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Counseling not to use Windows (was Re: Anonymous surfing my ass\!)
From: full-disclosure () lists netsys com (David F. Skoll)
Date: Mon, 15 Jul 2002 18:44:58 -0400 (EDT)

On Mon, 15 Jul 2002, Roland Postle wrote:

Agreed complexity is the enemy of security, but unix file permissions are
nothing but an unfortunate relic of the past.

Not arguing with that.  UGO are simple, but not very flexible.  They
can be made to work well in most situations, though, especially if you
use the modern setup whereby each user has his own group, and then you make
additional groups for projects.

Then we come to the suid/sgid bits. What are they really about? It took me
over a year of using unix to figure it out. If this file is executed it runs
in the security context of it's owner and/or group. Is that a permission?

Nope.  It's a "file mode".

The idea is to create 'program domains'
(what a program can do or can't do, as opposed to what a user can do or
can't do), but the fact that they're implemented as user domains is another
fudge. And an extremely confusing one at that, because many unix programmers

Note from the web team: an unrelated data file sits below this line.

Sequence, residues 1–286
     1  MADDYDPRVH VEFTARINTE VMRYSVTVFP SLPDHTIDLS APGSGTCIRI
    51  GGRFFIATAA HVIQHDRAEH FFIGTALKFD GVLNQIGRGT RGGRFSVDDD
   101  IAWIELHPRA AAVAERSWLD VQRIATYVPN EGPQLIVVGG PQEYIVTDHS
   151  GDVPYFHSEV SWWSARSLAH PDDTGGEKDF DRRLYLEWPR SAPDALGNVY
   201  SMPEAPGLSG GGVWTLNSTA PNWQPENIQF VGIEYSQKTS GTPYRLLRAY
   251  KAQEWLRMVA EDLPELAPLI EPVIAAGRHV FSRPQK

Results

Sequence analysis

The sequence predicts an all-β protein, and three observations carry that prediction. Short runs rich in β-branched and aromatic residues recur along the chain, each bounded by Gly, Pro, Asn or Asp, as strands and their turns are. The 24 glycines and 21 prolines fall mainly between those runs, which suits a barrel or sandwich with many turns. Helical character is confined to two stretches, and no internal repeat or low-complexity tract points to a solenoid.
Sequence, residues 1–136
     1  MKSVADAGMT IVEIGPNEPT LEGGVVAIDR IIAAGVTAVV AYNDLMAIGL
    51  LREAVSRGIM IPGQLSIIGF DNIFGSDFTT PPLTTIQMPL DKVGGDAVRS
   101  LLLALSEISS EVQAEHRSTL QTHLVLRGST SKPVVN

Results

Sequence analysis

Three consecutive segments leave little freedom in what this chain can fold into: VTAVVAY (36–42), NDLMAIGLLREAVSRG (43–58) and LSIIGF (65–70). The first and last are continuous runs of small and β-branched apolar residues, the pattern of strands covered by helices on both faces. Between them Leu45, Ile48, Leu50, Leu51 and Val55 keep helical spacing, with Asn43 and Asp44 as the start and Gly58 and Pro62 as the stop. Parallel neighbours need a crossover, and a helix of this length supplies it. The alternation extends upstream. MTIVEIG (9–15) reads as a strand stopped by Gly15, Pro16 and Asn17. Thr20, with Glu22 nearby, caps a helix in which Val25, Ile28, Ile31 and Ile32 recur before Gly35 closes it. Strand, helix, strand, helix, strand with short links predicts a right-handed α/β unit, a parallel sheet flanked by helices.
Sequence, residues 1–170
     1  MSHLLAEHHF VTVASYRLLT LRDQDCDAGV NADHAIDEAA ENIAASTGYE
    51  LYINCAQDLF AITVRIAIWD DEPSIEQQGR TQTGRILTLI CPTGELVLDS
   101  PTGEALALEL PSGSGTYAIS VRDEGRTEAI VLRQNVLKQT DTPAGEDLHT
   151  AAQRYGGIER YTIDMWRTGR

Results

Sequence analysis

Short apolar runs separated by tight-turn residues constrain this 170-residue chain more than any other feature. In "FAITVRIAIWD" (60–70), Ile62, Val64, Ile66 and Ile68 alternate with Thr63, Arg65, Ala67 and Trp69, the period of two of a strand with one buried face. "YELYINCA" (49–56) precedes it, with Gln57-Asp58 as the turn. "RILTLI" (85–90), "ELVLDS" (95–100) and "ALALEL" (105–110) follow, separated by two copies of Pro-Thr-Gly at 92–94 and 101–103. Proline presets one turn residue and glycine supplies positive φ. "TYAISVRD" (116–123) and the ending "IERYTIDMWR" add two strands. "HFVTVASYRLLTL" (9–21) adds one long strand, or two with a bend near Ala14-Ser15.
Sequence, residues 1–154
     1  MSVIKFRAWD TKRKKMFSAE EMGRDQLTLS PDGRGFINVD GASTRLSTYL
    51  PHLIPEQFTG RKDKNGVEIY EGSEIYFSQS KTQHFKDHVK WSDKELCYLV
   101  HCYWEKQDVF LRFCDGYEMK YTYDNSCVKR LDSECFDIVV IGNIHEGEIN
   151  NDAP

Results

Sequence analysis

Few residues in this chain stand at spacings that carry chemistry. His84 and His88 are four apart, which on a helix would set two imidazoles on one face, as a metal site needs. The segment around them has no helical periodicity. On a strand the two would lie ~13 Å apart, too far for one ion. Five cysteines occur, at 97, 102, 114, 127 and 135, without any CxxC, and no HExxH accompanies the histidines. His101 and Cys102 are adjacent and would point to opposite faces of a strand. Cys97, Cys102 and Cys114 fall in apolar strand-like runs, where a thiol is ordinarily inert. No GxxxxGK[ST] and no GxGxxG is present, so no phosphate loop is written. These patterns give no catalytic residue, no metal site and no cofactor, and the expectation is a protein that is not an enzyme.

don't fully understand the distinction.

Actually, I find suid/sgid very easy to understand.  They can be explained
in a single sentence.  And implementing program domains as user domains
is necessary in UNIX because of the design.  It might not be a pretty design,
but it works, and (more importantly) doesn't have any fundamental security
problems.

For very security-sensitive applications, this might not be good enough.
enough.  NSA's SELinux has proper program domains and very fine-grained
control over what each program can do.  Internally to the Linux kernel,
there are finer-grained "capabilities", but there's no agreement on
how to map these to the file system.

Windows is no less confusing, but as Paul pointed out, it is at least
functional.

Aw, come on. :-)  The UNIX model is pretty functional too.

--
David.



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